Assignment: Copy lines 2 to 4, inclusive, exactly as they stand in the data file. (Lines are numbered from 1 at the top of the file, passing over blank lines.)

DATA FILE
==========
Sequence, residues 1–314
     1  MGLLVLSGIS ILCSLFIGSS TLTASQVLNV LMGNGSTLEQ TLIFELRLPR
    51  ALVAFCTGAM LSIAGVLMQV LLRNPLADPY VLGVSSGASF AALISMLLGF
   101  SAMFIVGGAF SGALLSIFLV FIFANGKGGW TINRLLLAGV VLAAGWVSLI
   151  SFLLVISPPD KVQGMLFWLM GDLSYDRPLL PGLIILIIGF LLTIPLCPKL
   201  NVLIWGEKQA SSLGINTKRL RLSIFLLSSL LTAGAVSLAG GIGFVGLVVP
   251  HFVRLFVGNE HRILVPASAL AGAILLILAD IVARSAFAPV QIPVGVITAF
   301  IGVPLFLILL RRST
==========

     1  MGLLVLSGIS ILCSLFIGSS TLTASQVLNV LMGNGSTLEQ TLIFELRLPR
    51  ALVAFCTGAM LSIAGVLMQV LLRNPLADPY VLGVSSGASF AALISMLLGF
   101  SAMFIVGGAF SGALLSIFLV FIFANGKGGW TINRLLLAGV VLAAGWVSLI